While this year’s wildfire rampage is far from over, its growing economic costs are becoming increasingly clear.
Although we’ve already seen about 10 times as much land burn in Canada this year than we did in all of 2022, this season is unlikely to be a record breaker in terms of financial devastation. That dubious title belongs to the 2016 season, when the Fort McMurray fire alone forced the evacuation of about 90,000 people and ultimately cost the insurance industry about 4.4 billion Canadian dollars.
That fire also significantly affected the Canadian economy by disrupting production at the oil sands.
But there’s no question that this year’s fires have taken a significant toll on thousands of people as well as governments and, it is likely, the Canadian economy as a whole.
Among the most obviously affected are the 20,000 or so people who heeded orders and fled Yellowknife. They are now in their second weekend thousands of kilometers away from their homes, businesses and, for those who can’t work remotely, jobs. While sprinkler systems and continual forest clearing have kept the fire more or less 15 kilometers from the city, its threat remains. Some leaders in other communities in the territory have told evacuees they should plan on being away for weeks.
The main financial support now being offered is minimal: a single payment of 750 Canadian dollars, to people over 17 who have been out of work for at least a week because of the evacuation. While some insurance policies do cover the costs for evacuees, Caroline Wawzonek, the territorial finance minister, acknowledged this week that many people are so short of cash that they won’t be able to return home when the time comes without additional financial support, which she said the territory will provide. Chrystia Freeland, Canada’s finance minister, said that the federal government will help the territory out, but, to date, no specific amounts or programs have been announced.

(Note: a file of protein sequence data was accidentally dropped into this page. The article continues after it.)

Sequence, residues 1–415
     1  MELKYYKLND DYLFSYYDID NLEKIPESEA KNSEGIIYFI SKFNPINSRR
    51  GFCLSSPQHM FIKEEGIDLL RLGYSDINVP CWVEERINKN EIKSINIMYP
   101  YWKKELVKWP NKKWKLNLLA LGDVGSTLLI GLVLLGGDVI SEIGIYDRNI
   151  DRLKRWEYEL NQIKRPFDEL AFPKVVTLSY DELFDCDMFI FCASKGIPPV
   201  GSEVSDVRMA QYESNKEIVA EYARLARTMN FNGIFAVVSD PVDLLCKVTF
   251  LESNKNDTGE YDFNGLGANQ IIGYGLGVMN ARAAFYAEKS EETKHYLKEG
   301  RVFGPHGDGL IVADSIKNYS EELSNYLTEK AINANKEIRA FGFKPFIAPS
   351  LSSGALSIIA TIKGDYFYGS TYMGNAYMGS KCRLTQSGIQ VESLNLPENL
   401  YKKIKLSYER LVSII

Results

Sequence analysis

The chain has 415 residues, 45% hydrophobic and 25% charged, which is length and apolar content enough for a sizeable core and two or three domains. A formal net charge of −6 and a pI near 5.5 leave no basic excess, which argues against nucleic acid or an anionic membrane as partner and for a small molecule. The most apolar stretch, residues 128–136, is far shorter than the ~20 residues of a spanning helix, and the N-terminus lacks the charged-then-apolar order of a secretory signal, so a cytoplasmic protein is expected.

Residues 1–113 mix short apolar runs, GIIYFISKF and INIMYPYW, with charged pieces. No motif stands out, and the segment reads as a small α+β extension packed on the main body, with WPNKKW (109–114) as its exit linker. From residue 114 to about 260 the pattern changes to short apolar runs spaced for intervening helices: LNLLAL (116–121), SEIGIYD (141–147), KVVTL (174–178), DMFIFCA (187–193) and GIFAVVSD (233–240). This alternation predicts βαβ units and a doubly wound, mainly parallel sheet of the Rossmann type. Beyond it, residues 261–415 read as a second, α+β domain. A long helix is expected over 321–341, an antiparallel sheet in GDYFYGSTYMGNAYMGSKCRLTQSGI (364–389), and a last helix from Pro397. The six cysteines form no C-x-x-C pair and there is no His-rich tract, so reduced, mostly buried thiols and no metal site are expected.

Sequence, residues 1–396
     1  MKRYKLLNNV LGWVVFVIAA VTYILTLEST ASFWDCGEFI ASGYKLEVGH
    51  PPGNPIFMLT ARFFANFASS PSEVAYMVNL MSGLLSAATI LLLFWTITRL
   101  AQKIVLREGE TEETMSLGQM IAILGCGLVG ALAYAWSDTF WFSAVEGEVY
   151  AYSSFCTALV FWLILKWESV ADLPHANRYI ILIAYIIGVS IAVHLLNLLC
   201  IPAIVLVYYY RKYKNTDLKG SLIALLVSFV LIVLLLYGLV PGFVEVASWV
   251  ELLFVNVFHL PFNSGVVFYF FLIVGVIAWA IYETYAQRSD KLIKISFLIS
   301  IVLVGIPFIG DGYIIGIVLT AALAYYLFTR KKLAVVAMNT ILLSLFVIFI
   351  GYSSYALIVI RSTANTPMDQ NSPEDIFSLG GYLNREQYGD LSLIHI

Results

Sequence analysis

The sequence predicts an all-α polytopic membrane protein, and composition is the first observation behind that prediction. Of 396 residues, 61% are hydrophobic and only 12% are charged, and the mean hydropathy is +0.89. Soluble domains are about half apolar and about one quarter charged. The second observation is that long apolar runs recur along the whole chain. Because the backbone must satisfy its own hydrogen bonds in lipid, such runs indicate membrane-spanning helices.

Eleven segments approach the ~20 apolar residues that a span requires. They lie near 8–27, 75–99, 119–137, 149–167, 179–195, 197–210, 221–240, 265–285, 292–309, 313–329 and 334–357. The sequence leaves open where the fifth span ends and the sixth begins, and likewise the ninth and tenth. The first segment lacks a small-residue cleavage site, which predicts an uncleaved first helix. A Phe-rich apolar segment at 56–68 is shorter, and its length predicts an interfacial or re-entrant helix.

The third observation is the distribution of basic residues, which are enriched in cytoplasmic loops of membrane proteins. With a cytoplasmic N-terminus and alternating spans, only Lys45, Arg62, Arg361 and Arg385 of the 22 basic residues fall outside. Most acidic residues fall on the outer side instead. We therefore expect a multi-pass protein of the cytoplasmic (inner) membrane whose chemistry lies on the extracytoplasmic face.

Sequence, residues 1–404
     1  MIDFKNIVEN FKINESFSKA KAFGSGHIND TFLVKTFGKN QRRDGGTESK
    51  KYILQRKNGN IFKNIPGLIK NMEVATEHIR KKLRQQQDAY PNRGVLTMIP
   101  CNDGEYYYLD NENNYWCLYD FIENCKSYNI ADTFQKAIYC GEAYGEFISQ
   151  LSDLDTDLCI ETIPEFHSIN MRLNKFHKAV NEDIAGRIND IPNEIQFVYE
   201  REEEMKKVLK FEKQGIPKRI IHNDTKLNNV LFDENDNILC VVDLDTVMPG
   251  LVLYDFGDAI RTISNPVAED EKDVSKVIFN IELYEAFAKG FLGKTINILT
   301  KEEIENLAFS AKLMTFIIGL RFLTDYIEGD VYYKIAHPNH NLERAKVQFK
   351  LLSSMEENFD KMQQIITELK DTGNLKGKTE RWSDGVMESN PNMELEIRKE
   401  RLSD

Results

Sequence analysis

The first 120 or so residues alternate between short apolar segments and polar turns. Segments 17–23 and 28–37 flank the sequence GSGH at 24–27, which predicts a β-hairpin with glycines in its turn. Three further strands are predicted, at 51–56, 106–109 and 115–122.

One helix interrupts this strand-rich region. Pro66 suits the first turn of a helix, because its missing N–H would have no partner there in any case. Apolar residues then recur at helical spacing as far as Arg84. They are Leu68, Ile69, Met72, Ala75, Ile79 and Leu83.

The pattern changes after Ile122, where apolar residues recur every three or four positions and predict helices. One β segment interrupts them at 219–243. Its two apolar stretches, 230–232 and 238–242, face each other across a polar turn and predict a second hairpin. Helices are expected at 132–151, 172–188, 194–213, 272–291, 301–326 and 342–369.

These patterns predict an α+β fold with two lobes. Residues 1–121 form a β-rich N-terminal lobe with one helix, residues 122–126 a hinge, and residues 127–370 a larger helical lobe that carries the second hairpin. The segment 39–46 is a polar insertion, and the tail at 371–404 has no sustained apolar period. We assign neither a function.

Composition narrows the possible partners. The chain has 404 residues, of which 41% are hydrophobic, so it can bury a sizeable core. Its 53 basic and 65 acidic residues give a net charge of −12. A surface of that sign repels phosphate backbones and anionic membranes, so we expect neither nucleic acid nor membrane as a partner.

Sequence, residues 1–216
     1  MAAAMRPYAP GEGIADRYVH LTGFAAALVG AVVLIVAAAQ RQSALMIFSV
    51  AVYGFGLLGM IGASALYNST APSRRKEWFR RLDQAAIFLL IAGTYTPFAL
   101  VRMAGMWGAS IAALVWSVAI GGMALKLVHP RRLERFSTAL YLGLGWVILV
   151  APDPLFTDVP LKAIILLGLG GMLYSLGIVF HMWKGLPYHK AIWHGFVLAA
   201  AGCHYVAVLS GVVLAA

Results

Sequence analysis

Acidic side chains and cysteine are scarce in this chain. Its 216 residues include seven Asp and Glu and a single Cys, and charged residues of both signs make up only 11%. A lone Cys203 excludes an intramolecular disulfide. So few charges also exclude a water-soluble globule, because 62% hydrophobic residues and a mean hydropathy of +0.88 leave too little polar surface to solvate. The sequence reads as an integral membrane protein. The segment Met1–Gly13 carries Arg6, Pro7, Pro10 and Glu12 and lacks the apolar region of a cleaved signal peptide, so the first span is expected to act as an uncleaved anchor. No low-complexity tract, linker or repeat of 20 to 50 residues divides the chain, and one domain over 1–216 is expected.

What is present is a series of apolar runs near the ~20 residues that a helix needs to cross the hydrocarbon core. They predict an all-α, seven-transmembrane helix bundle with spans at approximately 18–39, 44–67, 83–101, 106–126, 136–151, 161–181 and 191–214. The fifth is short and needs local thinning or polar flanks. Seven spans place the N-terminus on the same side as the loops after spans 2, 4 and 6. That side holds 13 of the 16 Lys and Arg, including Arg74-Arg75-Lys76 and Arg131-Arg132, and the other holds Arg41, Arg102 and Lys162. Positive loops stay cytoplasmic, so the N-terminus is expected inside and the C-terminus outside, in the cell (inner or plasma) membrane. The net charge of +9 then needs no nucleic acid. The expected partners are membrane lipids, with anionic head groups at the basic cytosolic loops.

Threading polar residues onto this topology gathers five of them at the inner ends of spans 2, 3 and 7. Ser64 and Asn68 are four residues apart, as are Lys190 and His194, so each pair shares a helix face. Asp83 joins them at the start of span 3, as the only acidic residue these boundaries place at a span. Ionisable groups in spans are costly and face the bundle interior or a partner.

In and around Kelowna, British Columbia, tens of thousands were also evacuated, and 181 structures, most of them probably houses, were consumed by fire.
While the fires are far from over in British Columbia, people who have lost their homes there and who are insured will soon face difficult questions. In particular, they will have to decide whether to rebuild on the charred landscape.
I returned to Fort McMurray about a year after its big fire, which had engulfed about 1,500 homes and numerous businesses. Many people, I soon found, had decided they would not rebuild but instead take cash settlements, which were significantly less than replacement settlements, sell their empty land and move on.
Those who did rebuild told me the settlements were often much less than the actual replacement value of their houses, sometimes by about 20 percent.
The real estate market dynamics are very different in Kelowna today compared to Fort McMurray at that time. Slumping oil prices and oil sands layoffs were already driving down housing prices in 2016. The Kelowna area, by contrast, is one of Canada’s fastest growing markets. But that is unlikely to mean that settling up with insurers is a seamless and satisfying process for those whose homes are now ash and rubble.